8th July, 1995.

Dear Sr. M,

I got your diary of 5/5 to 16/6, and many thanks. As you never tell me which of my letters you have got and which you have not, I can only hope that you have got all the letters I have sent you. Like you, I only hope that my letters do arrive.
I did get the book, GETTING TO YES,[1] and many thanks for it. You must have known that the exploratory talks with Shell petered out even before they began. I have a feeling that Shell thinks they can sit all this out and carry on as before. I think they are wrong. All it means is that we have to work harder. It may even work in our favour that we do not negotiate just now, but that the situation in the country goes bad enough to make a total resolution of the contradictions necessary. In which case, we will also be negotiating for other peoples who are not up to it at this moment.

You know of the Niger Delta Environmental Survey. Claude Ake sits on its Steering Committee, representing the “stakeholders” i.e. the local communities. He is constantly in touch with us, and has, indeed, held two meetings with us here in the detention camp. He confirms what we all knew: that Shell had wanted to do a “greenwash”. However, it does appear that they won’t be getting their way, it being that Claude is very clear as to what should happen, and is receiving support from one other member of the Committee—the chap from the World Conservation Fund who comes in from London and who is determined to ensure that his organization is not misused by Shell. There is a stakeholders meeting in Port Harcourt, 24th to 26th August and I will let you know what goes on there. In the meantime, could you please check with Glen if it’s true that the Head of the Environmental Division of Shell at the Rotterdam office resigned rather than be a part of the grand deception which Shell planned in insti­tuting the survey? The position paper appears to have sought for a way of using the survey to create communal dissension and for buying over local leaders. Check this out please.

Just as you were leaving for Rome, Dr Leton and Dr Birabi were flown to London by the federal government to try to undo some of the publicity the Ogoni campaign had put out. It would appear that Shell hosted them to dinner but I cannot say that they met with much more success than that. Ojukwu[2] was on that same trip but I understand that they were booed when they spoke to their first audience and their first press conference was similarly a failure. The behaviour of the Ogoni politicians has been roundly condemned at home.

The trial has been adjourned to July 31. Our lawyers have now with­drawn and the Legal Aid Council of Rivers State has provided a lawyer for each of us.[3] They now need to obtain all the proceedings and study them before the trial can recommence. We expect that they will get the proceed­ings from the Tribunal but we are not giving them any of our own papers. In short, we will not be co-operating with any of the defence counsel. We would like it known that the State are judge, prosecuting and defence counsel all rolled into one so that the true intent of the State is no longer masked.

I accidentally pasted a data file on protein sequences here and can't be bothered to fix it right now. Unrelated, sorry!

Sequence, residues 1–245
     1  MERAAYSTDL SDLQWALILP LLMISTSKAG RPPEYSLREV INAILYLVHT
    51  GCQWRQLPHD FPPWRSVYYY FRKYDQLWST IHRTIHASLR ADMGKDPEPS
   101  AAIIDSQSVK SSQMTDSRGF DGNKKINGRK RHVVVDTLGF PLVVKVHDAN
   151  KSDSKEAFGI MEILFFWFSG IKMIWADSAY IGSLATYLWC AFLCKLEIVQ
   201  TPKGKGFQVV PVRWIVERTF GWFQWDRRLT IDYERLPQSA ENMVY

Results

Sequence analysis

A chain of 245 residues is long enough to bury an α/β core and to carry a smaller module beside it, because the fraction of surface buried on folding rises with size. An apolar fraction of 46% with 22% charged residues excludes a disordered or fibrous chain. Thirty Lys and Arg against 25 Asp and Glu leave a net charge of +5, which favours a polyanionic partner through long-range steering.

Our lawyers withdrew after the Tribunal ruled that the failure of gov­ernment to produce a video-cassette and transcripts of a press conference addressed by the military administrator and one of the prosecuting wit­nesses a day after the murders, was “reasonable”. The government said they had wiped all the tapes for lack of funds. But they had in fact distributed the same throughout Nigeria and their embassies abroad in an attempt to calumniate me. So much for the trials.

The situation around us in the detention camp is a lot more relaxed now. “Delta Force” forced Okuntimo out of his positions as Camp Commandant and Commander of the Internal Security Task Force and he has now been thrown to a harsh position in Minna. Consequently, we are now in ostensibly more civilized hands, although this is only relatively speaking. For a greasing of palms (you cannot avoid that in Nigeria— everyone’s trading), people have access to us and can spend thirty minutes to one hour. This has been most relieving.

We have met with the youths and the women of Ogoni, and have been able to get more accurate pictures of what is happening at home. The mili­tary harassment has been most frightening, and most people are scared to death. It has been impossible to hold meetings, and it does appear that the only meeting that is currently being held once a month is that summoned by my mother. She is patron of the organization—BIAKA (GLORIOUS WOMEN)—and the last meeting was attended by 200 women from all over Ogoni. The next meeting holds on August 1 and I will be arranging for a video of that. I will also encourage them to watch Delta Force and Drilling Fields. They are surely in the vanguard of the resistance. I feel so proud of my mother! And she does it all so naturally! She’s always at the Tribunal. So also my father who spent more than an hour with me here in prison a few days ago.